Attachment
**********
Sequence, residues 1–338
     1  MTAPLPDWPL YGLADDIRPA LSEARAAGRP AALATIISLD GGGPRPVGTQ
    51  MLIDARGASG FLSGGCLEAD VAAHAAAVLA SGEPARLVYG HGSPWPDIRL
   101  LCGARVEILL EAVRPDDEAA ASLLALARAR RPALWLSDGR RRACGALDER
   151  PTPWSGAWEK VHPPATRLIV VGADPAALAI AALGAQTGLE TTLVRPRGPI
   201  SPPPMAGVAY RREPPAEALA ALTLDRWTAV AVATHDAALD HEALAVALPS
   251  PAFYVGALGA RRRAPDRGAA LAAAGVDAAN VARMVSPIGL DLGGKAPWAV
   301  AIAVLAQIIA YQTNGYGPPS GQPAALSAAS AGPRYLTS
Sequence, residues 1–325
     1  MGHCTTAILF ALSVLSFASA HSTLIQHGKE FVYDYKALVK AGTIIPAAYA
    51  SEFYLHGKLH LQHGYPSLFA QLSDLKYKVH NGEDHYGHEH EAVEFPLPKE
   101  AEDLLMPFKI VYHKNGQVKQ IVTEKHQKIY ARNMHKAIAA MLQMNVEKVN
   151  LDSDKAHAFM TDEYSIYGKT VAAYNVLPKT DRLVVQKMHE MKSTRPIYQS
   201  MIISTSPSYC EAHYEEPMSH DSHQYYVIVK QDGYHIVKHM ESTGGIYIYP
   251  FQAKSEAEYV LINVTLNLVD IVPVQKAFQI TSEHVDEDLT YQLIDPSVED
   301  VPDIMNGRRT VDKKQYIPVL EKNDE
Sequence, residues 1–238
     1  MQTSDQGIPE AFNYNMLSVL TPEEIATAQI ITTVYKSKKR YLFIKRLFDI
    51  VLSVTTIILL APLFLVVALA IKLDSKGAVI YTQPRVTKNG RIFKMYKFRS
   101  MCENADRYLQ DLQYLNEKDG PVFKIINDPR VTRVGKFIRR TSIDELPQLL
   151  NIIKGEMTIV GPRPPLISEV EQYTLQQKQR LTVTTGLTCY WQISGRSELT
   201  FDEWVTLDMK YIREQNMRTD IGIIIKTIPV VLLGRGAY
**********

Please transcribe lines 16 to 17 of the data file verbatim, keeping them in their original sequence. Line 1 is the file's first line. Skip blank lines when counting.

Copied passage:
   301  VPDIMNGRRT VDKKQYIPVL EKNDE
Sequence, residues 1–238